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Hang Up & Drive: Statewide texting ban not likely in Ohio

7:30 PM, Nov 15, 2010   |    comments
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Hang Up & Drive asks drivers to download and sign the Hang Up and Drive Pledge, as a first step toward making Ohio roads safer.

Download the Hang Up & Drive Pledge form

"Triple-A would absolutely be in favor of banning texting across Ohio," says Brian Newbacher, director of Public Affairs for AAA. "Thirty other states have, and eight have banned talking on anything other than a hands-free device while driving."

But a bill banning texting, which overwhelmingly passed the Ohio House, is not likely to make it out of the Ohio Senate. Legislators there have expressed reservations about the ability of localities to enforce such a ban, and say Ohio already has laws against distracted driving which could be applied to texting.

North Royalton is one of a handful of Ohio cities which have banned both texting while driving and talking on any cell phone which is not hands-free while driving.

"You know that is very dangerous," says North Royalton police detective David Loeding. "It's obvious because you can't type as you drive. It's very, very difficult to do."

North Royalton has handed out 147 tickets since it started enforcing its bans on April 15, 2010. Each comes with a near $100 fine and two points on the violator's drivers license.

It is a "primary offense" in the Cleveland suburb, meaning police can pull over a driver if they see them texting or talking on a cell  while driving within city limits. As a law, it's on par with driving under the influence.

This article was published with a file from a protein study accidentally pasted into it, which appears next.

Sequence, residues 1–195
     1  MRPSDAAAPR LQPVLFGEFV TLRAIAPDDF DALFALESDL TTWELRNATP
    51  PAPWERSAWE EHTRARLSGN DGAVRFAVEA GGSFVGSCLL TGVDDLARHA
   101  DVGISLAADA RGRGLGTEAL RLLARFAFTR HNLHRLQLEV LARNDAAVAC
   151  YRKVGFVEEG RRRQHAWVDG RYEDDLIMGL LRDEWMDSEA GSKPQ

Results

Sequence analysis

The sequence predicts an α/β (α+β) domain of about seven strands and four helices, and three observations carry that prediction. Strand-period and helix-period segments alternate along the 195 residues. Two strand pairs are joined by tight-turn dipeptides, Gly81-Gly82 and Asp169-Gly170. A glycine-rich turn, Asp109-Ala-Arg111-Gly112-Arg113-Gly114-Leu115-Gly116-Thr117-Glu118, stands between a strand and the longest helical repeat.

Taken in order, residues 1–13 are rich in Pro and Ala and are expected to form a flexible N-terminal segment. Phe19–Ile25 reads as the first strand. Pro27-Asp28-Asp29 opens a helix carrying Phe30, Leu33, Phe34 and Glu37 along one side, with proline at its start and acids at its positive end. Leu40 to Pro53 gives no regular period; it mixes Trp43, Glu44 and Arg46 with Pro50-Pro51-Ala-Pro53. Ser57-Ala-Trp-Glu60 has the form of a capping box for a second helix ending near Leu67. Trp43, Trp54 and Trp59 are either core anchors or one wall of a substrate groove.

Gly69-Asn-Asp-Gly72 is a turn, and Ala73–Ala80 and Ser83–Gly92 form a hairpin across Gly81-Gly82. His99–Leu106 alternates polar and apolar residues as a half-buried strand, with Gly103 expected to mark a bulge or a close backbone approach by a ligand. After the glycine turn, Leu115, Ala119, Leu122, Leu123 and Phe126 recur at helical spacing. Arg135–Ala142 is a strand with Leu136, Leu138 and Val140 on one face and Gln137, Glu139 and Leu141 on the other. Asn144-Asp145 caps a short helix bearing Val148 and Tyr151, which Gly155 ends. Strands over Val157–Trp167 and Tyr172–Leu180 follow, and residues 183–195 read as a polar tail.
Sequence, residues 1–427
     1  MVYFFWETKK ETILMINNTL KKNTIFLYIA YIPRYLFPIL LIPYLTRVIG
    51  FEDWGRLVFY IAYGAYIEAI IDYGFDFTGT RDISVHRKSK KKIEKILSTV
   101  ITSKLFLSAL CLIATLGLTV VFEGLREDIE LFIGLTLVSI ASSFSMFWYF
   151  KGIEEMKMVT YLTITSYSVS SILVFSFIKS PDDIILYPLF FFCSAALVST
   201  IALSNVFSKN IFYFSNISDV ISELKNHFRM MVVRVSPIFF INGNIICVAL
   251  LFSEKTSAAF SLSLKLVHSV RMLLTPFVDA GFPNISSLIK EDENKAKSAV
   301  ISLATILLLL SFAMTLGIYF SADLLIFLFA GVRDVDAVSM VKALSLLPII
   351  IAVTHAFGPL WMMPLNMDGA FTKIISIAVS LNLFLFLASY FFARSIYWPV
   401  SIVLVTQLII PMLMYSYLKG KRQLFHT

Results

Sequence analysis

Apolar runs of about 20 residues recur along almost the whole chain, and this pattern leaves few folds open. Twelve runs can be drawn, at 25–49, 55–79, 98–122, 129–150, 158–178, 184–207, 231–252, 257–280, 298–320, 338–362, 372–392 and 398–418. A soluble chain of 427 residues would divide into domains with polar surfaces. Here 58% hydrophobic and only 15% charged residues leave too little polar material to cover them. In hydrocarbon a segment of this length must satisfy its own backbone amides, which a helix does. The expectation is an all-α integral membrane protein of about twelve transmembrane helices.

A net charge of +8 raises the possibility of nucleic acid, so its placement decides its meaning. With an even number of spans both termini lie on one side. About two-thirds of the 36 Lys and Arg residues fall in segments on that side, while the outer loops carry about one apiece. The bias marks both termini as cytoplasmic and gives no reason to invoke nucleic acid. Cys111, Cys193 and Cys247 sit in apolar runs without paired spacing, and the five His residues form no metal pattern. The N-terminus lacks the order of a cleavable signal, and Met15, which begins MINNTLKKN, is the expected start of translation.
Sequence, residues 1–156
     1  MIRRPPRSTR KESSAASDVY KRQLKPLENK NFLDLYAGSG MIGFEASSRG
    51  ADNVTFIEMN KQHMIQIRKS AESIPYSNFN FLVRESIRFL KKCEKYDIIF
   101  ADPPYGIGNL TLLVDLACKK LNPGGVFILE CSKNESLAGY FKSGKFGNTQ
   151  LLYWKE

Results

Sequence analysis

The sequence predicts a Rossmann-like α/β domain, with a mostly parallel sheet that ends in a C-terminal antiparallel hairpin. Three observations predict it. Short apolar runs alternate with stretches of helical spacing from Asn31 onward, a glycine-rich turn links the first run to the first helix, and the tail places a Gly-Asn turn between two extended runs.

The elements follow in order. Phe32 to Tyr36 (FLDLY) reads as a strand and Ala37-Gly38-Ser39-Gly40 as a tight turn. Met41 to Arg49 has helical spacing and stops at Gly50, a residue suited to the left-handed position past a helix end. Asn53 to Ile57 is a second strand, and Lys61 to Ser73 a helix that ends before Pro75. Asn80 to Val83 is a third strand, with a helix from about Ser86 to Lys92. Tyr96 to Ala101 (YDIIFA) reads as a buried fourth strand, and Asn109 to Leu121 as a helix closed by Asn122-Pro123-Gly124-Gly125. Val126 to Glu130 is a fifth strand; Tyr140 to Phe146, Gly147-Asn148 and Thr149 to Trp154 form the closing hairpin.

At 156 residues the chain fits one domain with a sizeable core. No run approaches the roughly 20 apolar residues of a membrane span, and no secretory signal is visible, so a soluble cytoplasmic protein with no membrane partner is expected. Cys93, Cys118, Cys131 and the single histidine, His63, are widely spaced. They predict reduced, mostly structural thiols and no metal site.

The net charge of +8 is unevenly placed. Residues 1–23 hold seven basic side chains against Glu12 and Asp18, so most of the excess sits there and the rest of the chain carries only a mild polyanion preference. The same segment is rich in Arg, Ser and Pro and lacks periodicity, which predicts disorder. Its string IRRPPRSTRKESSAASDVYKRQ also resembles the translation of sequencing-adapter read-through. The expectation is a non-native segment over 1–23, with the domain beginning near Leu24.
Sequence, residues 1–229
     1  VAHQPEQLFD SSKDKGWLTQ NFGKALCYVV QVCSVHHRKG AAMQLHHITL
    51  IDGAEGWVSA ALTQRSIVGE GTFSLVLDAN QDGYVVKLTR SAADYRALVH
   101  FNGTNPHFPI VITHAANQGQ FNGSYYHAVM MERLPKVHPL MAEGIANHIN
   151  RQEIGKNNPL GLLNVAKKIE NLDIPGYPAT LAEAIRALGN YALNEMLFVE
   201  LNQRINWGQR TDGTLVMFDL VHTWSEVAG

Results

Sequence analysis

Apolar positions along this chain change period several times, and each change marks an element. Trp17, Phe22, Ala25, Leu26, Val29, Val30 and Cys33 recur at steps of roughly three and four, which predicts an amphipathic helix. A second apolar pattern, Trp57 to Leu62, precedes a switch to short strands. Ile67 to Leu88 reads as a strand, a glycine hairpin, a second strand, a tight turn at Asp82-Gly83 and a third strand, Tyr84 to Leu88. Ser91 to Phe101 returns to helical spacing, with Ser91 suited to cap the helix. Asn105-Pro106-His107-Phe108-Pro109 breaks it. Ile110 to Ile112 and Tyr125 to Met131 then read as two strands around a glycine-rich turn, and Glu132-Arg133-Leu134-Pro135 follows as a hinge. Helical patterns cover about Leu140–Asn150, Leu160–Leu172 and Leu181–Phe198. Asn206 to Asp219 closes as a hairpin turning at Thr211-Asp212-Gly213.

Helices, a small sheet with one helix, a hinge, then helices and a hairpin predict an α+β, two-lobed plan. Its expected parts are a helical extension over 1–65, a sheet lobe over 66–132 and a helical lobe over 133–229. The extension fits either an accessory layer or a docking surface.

"We have come up behind drivers we thought were under the influence, only to find out they were texting," Detective Loeding says. "Some say they were suprised to know it's against the law in North Royalton. They'll say, 'Oh, you're that city.'" 

Proponents of a statewide ban against texting says a uniform law for the whole state is important and would be more effective than a patchwork approach by individual cities and municipalities.

"One-third of people will obey a law just because they know it is on the books," says Newbacher of the Triple-A. "And aggressive enforcement is not enough unless it is sustained."

He points to a federally funded study conducted in Syracuse, New York, and Hartford, Connecticut in which drivers who were texting or talking in violation of the law were specifically targeted. Violations quickly dropped more than 40 percent, Newbacher said, making the roads safer for everyone.

He says a program like Hang Up & Drive can be very useful in turning the Ohio public's attention toward the need for a statewide ban on texting while driving. He urged people to contact their state legislators.

"I'm sure that Ohio legislators would have to take note of that," Newbacher told WKYC. "If they call, write, and email, and call for a ban on texting we can be safer that much sooner. Otherwise it's going to take a couple years."

 

 

 

 

 

 

 

 

 

 

 

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